"The windows along the apartment wall imploded, glass flying in arcing shards across the room. Brick and mortar and dust filled the air. I was knocked off my feet and thrown against the sofa that lined the back wall. The twins landed on their backs near the door. Seven was mid-jump and reaching for me when the blast threw him across the room. Jason was hurled toward his kitchen, his gun falling from his hands. Cold air spilled into the apartment, and I sat up dazed, wondering where the wall had gone. Had it always been completely open to the street like that? I shook my head and felt it rattle. Seven groaned my name, and I snapped back to reality." - Burn, (Chapter 7, page 245), by T.J. Klune.
I loved this book, but I will warn you of one thing: as the reader, you spend a lot of this book in perpetual angst. Felix frequently talks to the reader as if all of what you are reading about has already happened, and he is looking back on it. When he is reminiscing, he eludes to bad things that happen later on. So you as a reader spend a great deal of time wondering what the F&%! is going to happen. As early as page 15, you get:
"I WONDER now, with everything said and done, if things would have been different had I remembered what the Tree had told me. Would I have made the same decisions, the same mistakes? Where would I be, had I remembered? Had I listened? I have learned in my short time here on this world that we as humans are all capable of a great many things, our minds able to process so much. Too much, really. But our greatest curse, our greatest folly, if you will, is our ability of hindsight. Of regret. Oh, Seven. How I wish I would have known." - Burn, (Chapter 1, page 15), by T.J. Klune.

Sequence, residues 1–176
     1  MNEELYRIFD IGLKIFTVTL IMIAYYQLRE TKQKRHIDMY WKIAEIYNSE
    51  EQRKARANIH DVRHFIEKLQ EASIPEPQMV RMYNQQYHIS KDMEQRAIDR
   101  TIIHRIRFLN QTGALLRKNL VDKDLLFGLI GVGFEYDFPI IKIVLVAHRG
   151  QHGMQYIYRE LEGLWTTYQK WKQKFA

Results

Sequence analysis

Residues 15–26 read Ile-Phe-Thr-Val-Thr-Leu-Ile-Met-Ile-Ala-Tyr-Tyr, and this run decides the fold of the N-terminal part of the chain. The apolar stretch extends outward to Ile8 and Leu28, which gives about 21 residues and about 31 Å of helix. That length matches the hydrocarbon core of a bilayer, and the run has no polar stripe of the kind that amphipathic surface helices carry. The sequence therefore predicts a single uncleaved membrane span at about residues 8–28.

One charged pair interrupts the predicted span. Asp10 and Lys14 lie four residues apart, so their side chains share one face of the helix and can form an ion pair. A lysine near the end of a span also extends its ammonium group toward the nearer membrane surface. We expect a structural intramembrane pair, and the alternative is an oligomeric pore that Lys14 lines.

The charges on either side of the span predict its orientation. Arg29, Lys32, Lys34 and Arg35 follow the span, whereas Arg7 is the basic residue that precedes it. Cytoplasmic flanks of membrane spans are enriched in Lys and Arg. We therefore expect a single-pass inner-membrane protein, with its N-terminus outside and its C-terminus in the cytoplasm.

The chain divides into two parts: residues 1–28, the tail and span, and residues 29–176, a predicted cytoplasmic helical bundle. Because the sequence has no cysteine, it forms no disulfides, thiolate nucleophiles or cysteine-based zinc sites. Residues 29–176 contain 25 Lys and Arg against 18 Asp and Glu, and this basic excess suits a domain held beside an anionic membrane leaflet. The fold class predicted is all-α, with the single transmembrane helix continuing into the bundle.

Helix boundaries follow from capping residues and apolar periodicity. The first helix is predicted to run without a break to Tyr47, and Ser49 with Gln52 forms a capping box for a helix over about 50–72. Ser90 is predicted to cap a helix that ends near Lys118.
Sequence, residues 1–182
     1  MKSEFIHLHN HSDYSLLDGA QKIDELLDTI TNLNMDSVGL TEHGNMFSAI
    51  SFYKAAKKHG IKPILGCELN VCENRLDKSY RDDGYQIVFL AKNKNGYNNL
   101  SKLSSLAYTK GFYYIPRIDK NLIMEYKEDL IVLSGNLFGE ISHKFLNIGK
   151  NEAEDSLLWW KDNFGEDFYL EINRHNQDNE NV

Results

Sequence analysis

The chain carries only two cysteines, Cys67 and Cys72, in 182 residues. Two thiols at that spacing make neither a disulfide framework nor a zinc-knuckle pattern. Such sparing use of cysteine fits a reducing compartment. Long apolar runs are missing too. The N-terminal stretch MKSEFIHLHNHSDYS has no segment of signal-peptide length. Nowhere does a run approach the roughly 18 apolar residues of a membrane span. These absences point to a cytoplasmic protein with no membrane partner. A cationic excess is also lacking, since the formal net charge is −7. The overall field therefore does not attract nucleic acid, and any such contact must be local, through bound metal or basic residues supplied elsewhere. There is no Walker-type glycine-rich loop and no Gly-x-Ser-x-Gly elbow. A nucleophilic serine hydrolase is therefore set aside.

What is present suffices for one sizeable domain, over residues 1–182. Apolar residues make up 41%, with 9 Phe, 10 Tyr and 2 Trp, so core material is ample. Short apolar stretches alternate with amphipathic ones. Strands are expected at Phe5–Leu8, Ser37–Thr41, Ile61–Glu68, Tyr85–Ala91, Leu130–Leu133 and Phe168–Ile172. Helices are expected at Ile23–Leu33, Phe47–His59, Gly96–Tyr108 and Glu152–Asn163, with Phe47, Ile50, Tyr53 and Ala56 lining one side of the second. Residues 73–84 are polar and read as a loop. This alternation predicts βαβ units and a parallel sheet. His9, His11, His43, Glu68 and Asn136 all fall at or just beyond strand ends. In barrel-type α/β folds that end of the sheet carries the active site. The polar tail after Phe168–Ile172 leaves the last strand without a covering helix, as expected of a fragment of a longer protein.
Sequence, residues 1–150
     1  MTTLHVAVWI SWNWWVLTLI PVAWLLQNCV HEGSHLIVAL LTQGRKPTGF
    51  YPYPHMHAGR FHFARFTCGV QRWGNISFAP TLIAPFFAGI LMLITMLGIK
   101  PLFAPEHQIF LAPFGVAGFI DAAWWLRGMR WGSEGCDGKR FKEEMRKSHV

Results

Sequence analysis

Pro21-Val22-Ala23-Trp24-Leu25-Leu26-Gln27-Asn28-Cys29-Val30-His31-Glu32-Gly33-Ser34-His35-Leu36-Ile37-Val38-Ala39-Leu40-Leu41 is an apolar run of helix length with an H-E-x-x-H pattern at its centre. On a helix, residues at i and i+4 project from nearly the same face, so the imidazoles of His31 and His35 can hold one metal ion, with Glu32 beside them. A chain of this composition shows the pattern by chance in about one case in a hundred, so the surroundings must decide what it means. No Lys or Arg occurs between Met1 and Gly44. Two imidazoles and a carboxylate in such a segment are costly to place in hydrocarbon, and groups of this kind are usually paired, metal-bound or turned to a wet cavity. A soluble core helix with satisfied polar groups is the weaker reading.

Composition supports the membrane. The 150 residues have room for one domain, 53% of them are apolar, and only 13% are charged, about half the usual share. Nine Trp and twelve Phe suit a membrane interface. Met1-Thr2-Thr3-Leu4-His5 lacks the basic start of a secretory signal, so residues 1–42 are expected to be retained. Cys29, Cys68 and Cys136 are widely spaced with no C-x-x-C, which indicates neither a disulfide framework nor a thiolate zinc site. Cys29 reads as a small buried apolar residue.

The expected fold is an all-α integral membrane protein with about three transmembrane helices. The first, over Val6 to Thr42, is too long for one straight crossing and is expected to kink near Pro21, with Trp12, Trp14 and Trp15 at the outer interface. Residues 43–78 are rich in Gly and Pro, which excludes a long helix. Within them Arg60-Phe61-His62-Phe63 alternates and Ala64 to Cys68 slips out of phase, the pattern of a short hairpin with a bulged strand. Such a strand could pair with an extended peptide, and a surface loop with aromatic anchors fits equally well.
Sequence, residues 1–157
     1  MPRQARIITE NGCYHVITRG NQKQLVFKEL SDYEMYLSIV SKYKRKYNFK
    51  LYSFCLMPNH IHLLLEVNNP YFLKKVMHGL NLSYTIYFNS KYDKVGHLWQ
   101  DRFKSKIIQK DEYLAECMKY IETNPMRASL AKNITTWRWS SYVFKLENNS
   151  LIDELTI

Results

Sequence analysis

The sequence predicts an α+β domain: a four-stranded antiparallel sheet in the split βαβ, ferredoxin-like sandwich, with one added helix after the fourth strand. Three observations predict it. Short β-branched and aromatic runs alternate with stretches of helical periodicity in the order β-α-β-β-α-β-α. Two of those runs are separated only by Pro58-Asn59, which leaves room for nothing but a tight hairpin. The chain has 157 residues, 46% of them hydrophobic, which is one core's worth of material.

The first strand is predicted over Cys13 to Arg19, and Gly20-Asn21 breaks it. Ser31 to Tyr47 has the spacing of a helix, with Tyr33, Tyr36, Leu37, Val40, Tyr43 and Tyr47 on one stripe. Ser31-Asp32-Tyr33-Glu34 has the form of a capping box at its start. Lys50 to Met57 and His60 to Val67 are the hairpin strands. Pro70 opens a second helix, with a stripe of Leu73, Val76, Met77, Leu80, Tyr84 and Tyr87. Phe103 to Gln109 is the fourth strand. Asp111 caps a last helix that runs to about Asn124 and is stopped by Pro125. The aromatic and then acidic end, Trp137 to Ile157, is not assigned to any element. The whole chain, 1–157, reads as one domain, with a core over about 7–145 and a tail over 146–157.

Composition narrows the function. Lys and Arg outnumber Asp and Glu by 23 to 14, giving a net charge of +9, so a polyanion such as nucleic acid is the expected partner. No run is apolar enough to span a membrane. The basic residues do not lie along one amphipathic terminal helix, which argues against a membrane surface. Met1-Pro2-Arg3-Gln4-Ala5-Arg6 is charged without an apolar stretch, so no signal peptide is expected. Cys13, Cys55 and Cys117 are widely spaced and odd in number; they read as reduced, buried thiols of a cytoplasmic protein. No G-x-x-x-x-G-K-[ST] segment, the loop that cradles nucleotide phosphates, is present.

Oh, Seven, oh Seven, oh Seven. I spent the entire book wondering what the heck was going to happen to you. It was agony. Plus this is a three book series, so of course, not everything is resolved at the end of this book. I cried a lot at the end of this book. Really a lot. There were some amazing and unexpected twists and turns at the end of Burn. I was left unfulfilled, and cursing T.J. Klune because I know I am going to have to wait till the end of book 3 for a resolution on most of what happens in Burn. T.J., could you have ended everything on any more of a cliffhanger? I'm in knots just thinking about it. It's going to be tough waiting it out for Elementally Evolved books 2 and 3, let me tell you. Especially since Klune announced on Goodreads that he's taking a short break from writing. All I can say is: T.J., The suspense is killing me, and I can't wait for books 2 and 3. Whenever they come out, I am so there....more
First Joely Skye novel, and I really liked this one. Definitely reading more of this series. Shifter novels tend to be hit or miss for me, but I reallFirst Joely Skye novel, and I really liked this one. Definitely reading more of this series. Shifter novels tend to be hit or miss for me, but I really liked this one. ...more